- The Last Great War: British Society and the First World War
The Last Great War: British Society and the First World War is Adrian Gregory’s excellent new investigation of the course of the war for Great Britain’s civilian population. It is not a textbook covering all aspects of the war, indeed it shies away from most of the political concerns of the day. Rather it is both a general synthesis examining some of the cultural attitudes and experiences of civilians during the war and, at times, relying on primary research, a captivating analytical study of some of the war’s more controversial social, religious, and economic debates. Although Gregory apologizes for not detailing the concerns of uniformed men directly and neglecting “military history, strictly defined,” The Last Great War is nevertheless an important contribution to this historical subfield and readers of The Journal of Military History will appreciate the author’s clarity and brevity, which make the work a good choice for classroom use.
Among other issues, Gregory examines British volunteers and their motivation for enlistment, set amidst the backdrop of a somewhat divided society which more or less came together after the declaration of war. Gregory argues that the contemporary image of war enthusiasm is largely mythical; in August 1914, the public was excitable but not necessarily eager to join the conflict. The German invasion of Belgium may have had a significant impact on the Cabinet but it did little to mobilize crowds. While the end of the war brought 100,000 more onlookers than usual to London’s center, perhaps only 10,000 men and women paraded through the streets of the capital at the war’s start. It was only with the defeat at Mons in the third week of August and a more urgent appeal that Britons joined the rush to volunteer.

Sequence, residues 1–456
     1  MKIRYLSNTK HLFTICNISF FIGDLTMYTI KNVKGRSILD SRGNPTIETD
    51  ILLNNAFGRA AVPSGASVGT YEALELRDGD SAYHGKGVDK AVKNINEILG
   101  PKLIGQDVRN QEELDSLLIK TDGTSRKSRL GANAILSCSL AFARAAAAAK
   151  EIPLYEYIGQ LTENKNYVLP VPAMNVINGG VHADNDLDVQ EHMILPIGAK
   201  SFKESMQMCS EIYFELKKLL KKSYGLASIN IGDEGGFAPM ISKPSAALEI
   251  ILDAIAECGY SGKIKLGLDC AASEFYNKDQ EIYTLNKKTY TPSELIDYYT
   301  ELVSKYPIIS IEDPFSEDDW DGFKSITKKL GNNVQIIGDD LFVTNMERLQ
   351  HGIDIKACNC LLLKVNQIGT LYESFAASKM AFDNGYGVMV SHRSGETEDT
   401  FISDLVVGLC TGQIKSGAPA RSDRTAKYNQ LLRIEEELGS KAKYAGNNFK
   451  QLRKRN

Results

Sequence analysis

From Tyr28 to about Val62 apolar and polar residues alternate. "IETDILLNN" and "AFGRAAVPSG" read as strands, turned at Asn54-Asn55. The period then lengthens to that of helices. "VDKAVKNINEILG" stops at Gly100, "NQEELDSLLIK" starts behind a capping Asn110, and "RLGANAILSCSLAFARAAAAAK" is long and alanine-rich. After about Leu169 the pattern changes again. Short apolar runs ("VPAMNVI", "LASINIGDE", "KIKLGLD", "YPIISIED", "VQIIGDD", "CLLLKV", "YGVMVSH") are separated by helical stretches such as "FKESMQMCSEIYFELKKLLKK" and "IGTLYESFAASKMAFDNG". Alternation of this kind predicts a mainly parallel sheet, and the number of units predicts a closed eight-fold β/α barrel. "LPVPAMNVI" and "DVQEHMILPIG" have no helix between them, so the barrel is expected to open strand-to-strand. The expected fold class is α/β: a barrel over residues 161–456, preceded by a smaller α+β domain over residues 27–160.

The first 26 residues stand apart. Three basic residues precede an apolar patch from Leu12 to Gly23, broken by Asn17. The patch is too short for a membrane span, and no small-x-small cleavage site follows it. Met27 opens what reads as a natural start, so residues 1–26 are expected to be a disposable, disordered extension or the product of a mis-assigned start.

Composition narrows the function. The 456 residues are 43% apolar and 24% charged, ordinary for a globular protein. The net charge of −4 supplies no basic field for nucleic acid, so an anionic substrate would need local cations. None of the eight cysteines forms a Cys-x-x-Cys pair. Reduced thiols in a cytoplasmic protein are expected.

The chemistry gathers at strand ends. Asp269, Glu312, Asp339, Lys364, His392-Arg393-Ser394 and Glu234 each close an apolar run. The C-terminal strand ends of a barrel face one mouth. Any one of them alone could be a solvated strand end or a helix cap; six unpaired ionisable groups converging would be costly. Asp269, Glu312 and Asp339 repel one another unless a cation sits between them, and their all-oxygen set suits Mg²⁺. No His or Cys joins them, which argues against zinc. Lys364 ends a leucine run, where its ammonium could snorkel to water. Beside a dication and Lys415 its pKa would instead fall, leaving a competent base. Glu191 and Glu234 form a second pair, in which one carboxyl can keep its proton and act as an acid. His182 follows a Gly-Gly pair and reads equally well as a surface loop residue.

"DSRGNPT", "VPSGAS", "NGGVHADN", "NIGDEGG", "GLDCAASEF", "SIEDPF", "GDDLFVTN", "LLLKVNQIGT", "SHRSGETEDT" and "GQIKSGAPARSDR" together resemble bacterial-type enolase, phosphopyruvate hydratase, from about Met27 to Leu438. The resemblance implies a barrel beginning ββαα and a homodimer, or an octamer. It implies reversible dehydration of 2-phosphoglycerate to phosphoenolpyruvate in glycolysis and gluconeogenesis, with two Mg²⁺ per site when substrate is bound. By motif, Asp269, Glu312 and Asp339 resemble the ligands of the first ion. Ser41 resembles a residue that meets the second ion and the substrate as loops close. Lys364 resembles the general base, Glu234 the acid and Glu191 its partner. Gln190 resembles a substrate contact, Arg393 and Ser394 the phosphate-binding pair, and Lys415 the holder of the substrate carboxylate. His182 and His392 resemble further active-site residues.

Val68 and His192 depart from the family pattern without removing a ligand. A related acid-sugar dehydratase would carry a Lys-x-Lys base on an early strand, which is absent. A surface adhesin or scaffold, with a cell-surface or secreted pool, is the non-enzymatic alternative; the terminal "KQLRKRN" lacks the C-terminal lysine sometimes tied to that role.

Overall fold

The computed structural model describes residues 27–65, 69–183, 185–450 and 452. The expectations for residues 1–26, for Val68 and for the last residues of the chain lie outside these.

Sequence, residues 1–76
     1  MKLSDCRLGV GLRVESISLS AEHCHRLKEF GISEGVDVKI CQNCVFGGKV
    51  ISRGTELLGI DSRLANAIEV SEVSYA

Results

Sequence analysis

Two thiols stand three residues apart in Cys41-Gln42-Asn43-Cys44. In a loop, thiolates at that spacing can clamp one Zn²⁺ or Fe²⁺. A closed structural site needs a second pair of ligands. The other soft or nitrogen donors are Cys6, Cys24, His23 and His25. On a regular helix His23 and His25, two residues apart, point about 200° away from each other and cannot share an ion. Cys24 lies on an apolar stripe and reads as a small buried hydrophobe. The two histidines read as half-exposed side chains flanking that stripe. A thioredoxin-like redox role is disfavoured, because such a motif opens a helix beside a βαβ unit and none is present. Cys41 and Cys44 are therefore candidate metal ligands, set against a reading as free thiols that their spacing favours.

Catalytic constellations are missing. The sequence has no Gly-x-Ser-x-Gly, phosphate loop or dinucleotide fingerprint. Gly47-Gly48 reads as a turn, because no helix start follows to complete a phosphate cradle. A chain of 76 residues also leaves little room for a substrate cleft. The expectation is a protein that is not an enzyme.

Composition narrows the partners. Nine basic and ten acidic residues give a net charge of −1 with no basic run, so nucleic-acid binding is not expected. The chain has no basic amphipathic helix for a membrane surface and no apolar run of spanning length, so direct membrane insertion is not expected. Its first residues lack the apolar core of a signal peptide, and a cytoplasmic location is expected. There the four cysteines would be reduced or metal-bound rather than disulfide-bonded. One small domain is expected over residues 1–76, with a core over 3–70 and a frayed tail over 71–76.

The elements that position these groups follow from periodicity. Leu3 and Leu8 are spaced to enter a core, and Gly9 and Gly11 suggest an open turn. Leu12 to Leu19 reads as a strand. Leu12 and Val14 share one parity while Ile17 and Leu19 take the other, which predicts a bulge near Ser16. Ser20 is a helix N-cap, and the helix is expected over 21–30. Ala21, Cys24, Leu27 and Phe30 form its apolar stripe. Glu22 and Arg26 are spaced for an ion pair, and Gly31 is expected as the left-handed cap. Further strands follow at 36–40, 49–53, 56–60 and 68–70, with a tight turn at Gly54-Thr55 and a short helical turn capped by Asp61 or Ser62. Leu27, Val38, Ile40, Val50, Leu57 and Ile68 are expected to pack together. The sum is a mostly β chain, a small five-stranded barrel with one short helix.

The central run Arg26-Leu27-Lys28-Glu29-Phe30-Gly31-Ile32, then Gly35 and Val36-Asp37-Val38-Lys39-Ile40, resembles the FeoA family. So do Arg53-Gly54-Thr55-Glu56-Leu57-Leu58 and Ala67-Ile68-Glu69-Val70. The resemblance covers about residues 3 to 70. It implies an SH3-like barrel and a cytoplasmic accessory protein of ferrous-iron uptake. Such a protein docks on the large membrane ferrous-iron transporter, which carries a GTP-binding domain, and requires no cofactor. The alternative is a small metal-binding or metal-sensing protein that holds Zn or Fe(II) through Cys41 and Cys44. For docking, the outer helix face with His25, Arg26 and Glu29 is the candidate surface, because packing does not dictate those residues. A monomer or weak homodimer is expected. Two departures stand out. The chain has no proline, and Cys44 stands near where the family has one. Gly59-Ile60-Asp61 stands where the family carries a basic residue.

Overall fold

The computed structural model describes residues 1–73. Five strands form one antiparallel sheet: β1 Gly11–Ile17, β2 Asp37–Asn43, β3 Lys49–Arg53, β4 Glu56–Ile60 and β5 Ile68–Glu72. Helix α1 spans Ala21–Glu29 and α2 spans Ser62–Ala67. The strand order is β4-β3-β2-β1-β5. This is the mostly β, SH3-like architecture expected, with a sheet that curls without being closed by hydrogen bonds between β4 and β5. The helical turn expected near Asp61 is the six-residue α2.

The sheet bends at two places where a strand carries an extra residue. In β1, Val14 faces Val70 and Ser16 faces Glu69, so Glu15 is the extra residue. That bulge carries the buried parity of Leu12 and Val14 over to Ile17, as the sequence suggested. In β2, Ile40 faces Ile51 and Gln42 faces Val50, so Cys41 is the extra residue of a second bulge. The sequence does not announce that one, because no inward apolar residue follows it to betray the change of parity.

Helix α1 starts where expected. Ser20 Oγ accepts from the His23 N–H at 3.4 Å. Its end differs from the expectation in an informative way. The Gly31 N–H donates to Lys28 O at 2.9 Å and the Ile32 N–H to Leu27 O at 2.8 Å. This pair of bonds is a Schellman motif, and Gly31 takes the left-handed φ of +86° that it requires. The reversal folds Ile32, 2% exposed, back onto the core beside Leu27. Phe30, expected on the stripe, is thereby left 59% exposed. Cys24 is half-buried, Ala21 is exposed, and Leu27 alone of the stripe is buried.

It was not an effective propaganda machine which galvanized public support for the war. Gregory argues that much too much has been made of Lord North-cliffe and British propagandists’ efforts to captivate and control the British public. He believes that it is time to discard this myth, created in the 1920s. Much of what was later seen as conspiratorial in nature was the creation, according to Gregory, of popular folklore. He demonstrates, for example, that the public had created and the spread the story of the corpse-rendering machine long before it took official notice. Likewise, the infamous and untrue Bells of Antwerp atrocity story has its [End Page 1360] roots in the German press and not British propagandas. Civilians spread many more rumors than the press did; and civilians got more of their information from their friends than from news agencies. Most importantly, Gregory concludes, propagandists and the press did not have to dehumanize the Germans; real events, like the bombing of the British coastal towns of Hartlepool and Scarborough, and the sinking of the Lusitania, did that.
Gregory looks at the role of religion in wartime Britain and the political use of the image of sacrifice, the human cost of war and its “blood tax,” the growing despair of 1917 and 1918, and misconceptions of civilian-soldier alienation. The themes he uses to investigate British wartime civilian society allow for discussions and analysis of gender, labor, and class relations. They may seem to the general reader, perhaps, a bit arbitrary, yet Gregory effectively portrays the tensions and turmoil driving a society apart when it most needed to come together. The Last Great War: British Society and the First World War is an important read for students and scholars of World War One and is a good starting point for an investigation of some of the war’s controversies. Because of its omission of British soldiers as central actors and its general neglect of political history it cannot serve as a general history of Britain during the war, but nevertheless it is a valuable addition to the historiography of the Great...